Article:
The use of modern surveying technologies to monitor erosion features in the landscape requires that the land surface be largely cleared of extensive vegetation (e. g., grassland, shrubs, and self-seeded trees), which is labour and time intensive. That is why, since 2017, the erosion gully has been monitored only using GNSS technology, i. e., a Leica System GS15 GNSS with a connection to the Slovak Real-Time Positioning Service (SKPOS, generating so-called network corrections of geodetic coordinates in real time), because of the presence of full-grown vegetation in the gully. This technology is easy to process the measured data, but data collection requires creation of a point field, i. e., a density of points, where each point has a precise horizontal and vertical position. Fig. 2 shows the state of vegetation when changes were measured in the erosion gully in 2017–2021.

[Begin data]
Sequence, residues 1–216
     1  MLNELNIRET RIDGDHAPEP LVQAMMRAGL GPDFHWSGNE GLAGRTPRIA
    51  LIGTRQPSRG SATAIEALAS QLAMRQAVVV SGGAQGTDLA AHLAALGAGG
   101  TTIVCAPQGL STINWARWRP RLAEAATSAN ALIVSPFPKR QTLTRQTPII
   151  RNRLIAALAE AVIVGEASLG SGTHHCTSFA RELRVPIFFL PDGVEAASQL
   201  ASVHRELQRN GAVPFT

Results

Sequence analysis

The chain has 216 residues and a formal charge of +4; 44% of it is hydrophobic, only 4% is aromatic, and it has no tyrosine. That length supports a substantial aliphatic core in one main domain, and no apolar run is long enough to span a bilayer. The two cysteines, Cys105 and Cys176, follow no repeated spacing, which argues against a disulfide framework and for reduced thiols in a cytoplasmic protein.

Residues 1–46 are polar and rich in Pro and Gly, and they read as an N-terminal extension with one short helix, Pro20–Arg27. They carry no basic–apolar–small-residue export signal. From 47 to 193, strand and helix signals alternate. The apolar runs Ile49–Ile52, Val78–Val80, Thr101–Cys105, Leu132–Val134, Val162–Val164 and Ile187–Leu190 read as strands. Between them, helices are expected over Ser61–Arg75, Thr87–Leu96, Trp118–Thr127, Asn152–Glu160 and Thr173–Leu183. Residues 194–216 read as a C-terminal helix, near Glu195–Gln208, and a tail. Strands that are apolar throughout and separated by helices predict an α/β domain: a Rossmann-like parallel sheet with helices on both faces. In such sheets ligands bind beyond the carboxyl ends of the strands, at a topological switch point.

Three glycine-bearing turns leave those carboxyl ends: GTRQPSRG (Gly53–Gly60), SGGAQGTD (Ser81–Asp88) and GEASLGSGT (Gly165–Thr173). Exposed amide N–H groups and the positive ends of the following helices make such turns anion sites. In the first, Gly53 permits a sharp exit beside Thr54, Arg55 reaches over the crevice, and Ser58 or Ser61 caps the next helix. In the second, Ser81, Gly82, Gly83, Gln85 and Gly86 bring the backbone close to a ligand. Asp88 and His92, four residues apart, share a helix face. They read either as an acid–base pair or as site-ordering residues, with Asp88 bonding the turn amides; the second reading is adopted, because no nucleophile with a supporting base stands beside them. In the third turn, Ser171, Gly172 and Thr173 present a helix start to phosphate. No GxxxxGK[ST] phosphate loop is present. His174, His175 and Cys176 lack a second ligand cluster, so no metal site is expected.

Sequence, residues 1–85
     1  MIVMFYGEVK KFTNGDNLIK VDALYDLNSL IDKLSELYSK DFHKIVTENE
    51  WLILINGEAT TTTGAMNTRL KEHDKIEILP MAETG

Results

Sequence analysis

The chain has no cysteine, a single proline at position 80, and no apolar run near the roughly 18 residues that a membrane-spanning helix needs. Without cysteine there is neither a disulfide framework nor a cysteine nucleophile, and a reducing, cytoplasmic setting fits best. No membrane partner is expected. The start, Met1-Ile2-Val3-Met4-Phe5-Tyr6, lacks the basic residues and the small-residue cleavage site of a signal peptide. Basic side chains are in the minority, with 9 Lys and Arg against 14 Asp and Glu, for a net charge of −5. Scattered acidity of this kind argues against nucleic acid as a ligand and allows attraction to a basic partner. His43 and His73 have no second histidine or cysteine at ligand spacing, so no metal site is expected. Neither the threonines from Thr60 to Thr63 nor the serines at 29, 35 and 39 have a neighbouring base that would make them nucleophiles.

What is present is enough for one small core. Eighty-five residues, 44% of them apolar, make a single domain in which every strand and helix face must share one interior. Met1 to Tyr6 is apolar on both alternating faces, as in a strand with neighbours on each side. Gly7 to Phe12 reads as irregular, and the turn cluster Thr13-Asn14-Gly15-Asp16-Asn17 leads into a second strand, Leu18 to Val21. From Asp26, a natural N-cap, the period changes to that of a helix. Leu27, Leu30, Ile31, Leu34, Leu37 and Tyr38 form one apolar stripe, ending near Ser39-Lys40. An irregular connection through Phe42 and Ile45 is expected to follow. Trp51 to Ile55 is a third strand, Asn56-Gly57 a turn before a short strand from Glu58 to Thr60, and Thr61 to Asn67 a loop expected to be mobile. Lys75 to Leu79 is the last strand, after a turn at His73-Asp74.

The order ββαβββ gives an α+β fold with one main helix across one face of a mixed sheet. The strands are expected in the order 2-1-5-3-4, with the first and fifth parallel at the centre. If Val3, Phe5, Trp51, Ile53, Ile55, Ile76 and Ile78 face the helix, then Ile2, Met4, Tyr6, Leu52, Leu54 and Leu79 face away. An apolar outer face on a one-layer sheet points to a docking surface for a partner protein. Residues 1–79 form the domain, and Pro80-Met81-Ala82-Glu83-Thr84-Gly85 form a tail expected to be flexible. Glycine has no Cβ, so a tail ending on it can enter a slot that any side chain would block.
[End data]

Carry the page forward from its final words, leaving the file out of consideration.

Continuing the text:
Fig. 2. The photo documentation of the erosion gully using GNSS technology from 2017–2021
According to , gully erosion was categorised in the past based on the determination of the gully´s basic parameters (length, slope, average depth, and width). These parameters were mostly determined in evenly spaced transverse profiles. In the case of the erosion gully, monitoring was therefore aimed at determining its bottom or axis (main line) and edges in the selected 20 transverse profiles along its length (Fig. 3). The reason for this was to detect geomorphological changes of the gully in places where siltation by eroded sediment from higher areas had been proved.
Fig. 3. Location of the 20 transverse profiles in the gully erosion: the black arrow shows 9 selected profiles (base map: GKÚ Bratislava, NLC, 2019)
Information on the date of measurement as well as the number of points measured is given in Tab. 1.
Tab. 1. Overview of measured points in the profiles of the erosion gully using GNSS from 2017–2021